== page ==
Not every book is designed to be read aloud to a group. Take Dr. Seuss - a beloved author with numerous classic titles. But for me, The Cat in the Hat and Green Eggs and Ham work much better read one-on-one versus to a large group. Tastes and reactions vary, too - some books I adore and excitedly share with an audience have bombed big time. Frank Was A Monster Who Wanted to Dance is about a lovable little monster that boogies so hard that his body parts start falling off. It's really cute and funny, I swear! Except it wasn't so cute and funny to a certain group of first graders, who looked at me in shock and horror as I cheerfully read about Frank's brain flopping out on the floor. Oops. Lesson learned.

I'm not proud of this, but I have made a child cry in storytime. The trigger of the tears? Brightly colored shaker eggs used during music time. The little girl didn't get the color of egg she wanted, and bravely tried to hold back her sobs during the song. It may seem cruel, but trust me - had I stopped to give her the desired egg, every other kid would want another color and pandemonium would ensue. In storytime, time and crowd constraints sometimes require us to enforce the mantra learned in Pinkalicious - "you get what you get, and you don't get upset."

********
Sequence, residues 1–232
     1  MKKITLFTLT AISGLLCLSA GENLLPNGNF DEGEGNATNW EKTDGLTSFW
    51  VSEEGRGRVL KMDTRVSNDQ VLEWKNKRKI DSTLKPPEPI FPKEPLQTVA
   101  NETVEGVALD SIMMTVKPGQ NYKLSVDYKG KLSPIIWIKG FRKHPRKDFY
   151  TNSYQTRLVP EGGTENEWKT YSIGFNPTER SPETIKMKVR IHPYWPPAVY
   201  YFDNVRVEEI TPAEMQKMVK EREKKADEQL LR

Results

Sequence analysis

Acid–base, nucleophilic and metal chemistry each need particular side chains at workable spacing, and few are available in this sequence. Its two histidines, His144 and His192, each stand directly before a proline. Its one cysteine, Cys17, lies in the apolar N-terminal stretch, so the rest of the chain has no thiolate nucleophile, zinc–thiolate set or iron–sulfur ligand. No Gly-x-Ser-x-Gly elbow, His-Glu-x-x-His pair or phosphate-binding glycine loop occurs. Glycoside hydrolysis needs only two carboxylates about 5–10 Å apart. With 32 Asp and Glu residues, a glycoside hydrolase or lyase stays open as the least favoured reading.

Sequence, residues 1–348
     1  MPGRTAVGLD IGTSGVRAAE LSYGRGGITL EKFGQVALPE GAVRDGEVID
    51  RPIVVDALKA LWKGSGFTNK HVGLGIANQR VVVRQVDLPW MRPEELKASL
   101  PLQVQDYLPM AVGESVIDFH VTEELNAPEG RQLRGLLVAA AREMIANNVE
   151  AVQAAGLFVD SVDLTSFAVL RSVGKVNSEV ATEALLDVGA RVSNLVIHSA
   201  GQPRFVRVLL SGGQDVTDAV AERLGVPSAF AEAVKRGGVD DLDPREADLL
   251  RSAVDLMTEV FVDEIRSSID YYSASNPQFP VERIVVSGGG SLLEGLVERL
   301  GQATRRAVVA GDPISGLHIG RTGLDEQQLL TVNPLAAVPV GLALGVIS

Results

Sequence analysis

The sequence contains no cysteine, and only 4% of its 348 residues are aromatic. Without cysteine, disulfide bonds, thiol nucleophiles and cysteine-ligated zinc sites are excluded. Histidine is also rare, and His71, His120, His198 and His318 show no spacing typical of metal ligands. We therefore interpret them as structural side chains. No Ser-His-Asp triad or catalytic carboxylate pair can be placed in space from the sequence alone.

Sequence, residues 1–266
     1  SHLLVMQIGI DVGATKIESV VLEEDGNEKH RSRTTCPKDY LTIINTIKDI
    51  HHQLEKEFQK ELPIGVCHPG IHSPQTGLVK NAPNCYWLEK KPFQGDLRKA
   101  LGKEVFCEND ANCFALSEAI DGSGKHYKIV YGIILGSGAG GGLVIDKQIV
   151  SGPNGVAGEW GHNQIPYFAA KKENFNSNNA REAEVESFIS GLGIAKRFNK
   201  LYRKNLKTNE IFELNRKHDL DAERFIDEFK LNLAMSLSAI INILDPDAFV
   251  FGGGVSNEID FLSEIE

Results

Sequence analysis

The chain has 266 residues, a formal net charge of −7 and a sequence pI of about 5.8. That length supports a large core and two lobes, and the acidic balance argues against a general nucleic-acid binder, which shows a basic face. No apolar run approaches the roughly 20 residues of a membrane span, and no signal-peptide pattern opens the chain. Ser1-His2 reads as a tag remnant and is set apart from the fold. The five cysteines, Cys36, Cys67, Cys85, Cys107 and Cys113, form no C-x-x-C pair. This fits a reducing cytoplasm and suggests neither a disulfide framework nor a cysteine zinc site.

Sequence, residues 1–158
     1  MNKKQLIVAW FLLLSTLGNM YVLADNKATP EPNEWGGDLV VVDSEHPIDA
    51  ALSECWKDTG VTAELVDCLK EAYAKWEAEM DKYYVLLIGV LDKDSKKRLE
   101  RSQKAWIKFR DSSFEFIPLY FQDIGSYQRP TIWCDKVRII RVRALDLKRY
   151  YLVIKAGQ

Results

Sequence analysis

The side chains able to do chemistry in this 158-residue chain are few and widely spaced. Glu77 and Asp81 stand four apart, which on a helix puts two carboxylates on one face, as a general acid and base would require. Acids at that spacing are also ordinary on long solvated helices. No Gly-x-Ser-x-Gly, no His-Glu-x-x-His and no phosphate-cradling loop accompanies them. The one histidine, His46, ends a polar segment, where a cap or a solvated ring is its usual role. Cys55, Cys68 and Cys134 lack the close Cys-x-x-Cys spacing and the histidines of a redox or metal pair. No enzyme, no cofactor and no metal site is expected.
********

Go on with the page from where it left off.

Storytime is a live performance, and children are unpredictable. With that combination, anything and everything can happen. Every librarian has stories. A former colleague chose "sickness" as a storytime theme, and read books about your typical sniffles and sneezes. Children, as they are known to do, share (and overshare.) One young participant was inspired to tell the group about an affliction he developed on a body part in which no one should be ashamed, but usually isn't discussed in polite company.

Santa Clara City Library offers storytimes for babies, one-year-olds, toddlers, preschoolers and families. Click here for our schedule, or ask at the youth services desk. Our storytimes require no registration, so just drop in! You never know what might happen.

posted by spb

Thursday, March 26, 2009

Morningstar Training

Would you like to learn to use the Morningstar Investment Research Center database to research mutual funds and stocks? A Morningstar product manager will be offering a training over the Internet.